Praise be to Allah!
How often do we see kids crossing fingers in imitation of western culture?
Many of us must have heard the argument about the tie being haram, because it symbolizes the cross.
It is a norm for people living in countries, where Christmas is celebrated, to see gifts and toys with symbols of cross.
What does the cross symbolize and what should a Muslim point of view be on making, buying, wearing or using stuff with symbol of cross?
Britannica defines: Cross, the principal symbol of the Christian religion, recalling the crucifixion of Jesus Christ and the redeeming benefits of his Passion and death. The cross is thus a sign both of Christ himself and of the faith of Christians.
We asked some Christians who became Muslim about it (i.e., the cross) and they said: In our view, the cross is the well-known cross, composed of two lines, one of which is horizontal and the other is vertical, and the vertical line is longer than the other. This reflects reality, because when a person was crucified, a piece of wood was placed horizontally, so that his arms could be tied to it. So how could the piece of wood for his arms be placed halfway down the vertical piece? Rather, it should be higher up. Thus, the Christian cross is: a long vertical line intersected by a horizontal line about 1/3 down from the top of the vertical line. Is the plus sign (+) a cross? No, it is not a cross.
To cross one’s fingers is a hand gesture commonly used to wish for luck. Occasionally, it is interpreted as an attempt to implore God for protection. The gesture is referred to by the common expressions “cross your fingers”, “keep your fingers crossed”, or just “fingers crossed”.
Making cross is like making idols:
Shaykh al-Islam Ibn Taymiyah (may Allah have mercy on him) said:
It is not permissible to make crosses, whether for payment or otherwise, or to sell crosses, just as it is not permissible to sell or make idols, as it is proven in as-Saheeh that the Prophet (blessings and peace of Allah be upon him) said: Verily Allah (swt) has forbidden the sale of alcohol, dead meat [that which is not slaughtered in the prescribed manner], pork and idols.” (Majmoo Al-Fataawa, 22/141)
Bad omens are instilled in the minds of a lot of people by Shaitan and they have no effects on our lives in reality:
It was narrated that ‘Abd-Allah ibn Mas’ood said: The Messenger of Allah (sa) said: “Tiyarah (superstitious belief in omens) is Shirk.” (Tirmidhi, 1614; Abu Dawood, 3910; Ibn Majaah, 3538; classed as Saheeh by al-Albaani in Saheeh Abi Dawood)
The Arabs used to regard certain birds, times and persons as unlucky, and this is Shirk, as the Prophet (sa) said.
If a person opens the door to superstition, the world will become a hard place for him, and he will imagine that everything is a bad omen – Shaitan will then lead him to things that will damage his religious and worldly interests. How can this compare to righteous optimism, which brings joy to the heart, strengthens hope, quells fear, brings calm and motivates one to seek the help of Allah (swt) and put one’s trust in Him and to be of good cheer. This is the opposite of superstition, for optimism leads a person to obey Allah (swt) and believe in Him alone (Tawheed), whereas superstitious pessimism leads one to disobey Him and associate others with Him (Shirk). Hence, the Prophet (sa) liked optimism, and he declared superstition to be invalid. (Miftaah Daar al-Sa’aadah, 2/246, 247)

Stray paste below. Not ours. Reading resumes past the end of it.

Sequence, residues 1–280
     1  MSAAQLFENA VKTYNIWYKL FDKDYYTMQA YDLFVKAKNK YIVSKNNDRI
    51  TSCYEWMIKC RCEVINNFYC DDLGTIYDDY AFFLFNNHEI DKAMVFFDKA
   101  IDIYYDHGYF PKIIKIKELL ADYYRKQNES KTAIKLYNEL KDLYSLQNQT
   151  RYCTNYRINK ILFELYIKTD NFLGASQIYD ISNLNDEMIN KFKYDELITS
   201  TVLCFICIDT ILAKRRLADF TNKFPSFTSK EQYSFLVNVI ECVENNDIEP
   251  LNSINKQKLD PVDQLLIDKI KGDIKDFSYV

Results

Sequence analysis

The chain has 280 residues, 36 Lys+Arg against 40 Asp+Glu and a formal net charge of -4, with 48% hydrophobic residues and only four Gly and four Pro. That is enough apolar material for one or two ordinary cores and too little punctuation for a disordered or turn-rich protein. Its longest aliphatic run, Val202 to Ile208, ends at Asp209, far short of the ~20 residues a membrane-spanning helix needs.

The ruling on drawing or wearing forms of crosses is the following:
If it is drawn on the basis that it is a cross, it is not permissible for the Muslim to carry it, wear it, buy it, sell it or draw it, because the reason for the prohibition on drawing or wearing crosses is to avoid imitating the Christians and venerating their false religious symbols. This reason is applicable to all forms of the cross that are known to various Christian sects, if it is made on the basis that it is a cross so that it may be venerated and taken as a symbol for whatever they want.
If it is drawn as a kind of decoration, or some household items and utensils are manufactured and happen to have one of the kinds of crosses mentioned above on them, then it depends:
(a) If it is obvious at first glance that it is the kind of cross that is well known today, as it appears in the majority of churches and among most Christians, and it is composed of two lines, one of which is vertical and the other is horizontal, and the horizontal line intersects with the vertical line, and the upper portion is shorter than the lower portion, then it must be removed or altered so that it no longer looks like a cross. The Prophet (sa) would not leave anything in his house, on which there were crosses, but he would alter them.
(b) But if the shape of the cross is not obvious, and it is only part of the design and is unintentional, or if the designer of a structure decided that crossed lines were more appropriate, or it is used as a mathematical symbol, such as the plus sign and multiplication sign in arithmetic, then in this case it does not have to be altered or removed, and there is nothing wrong with making it or selling anything that contains it, because the reason for prohibition – which is imitating the disbelievers and venerating their symbols – is not present in this case, and the symbol of the cross in this case is subtle and is not noticeable.
Allah knows best.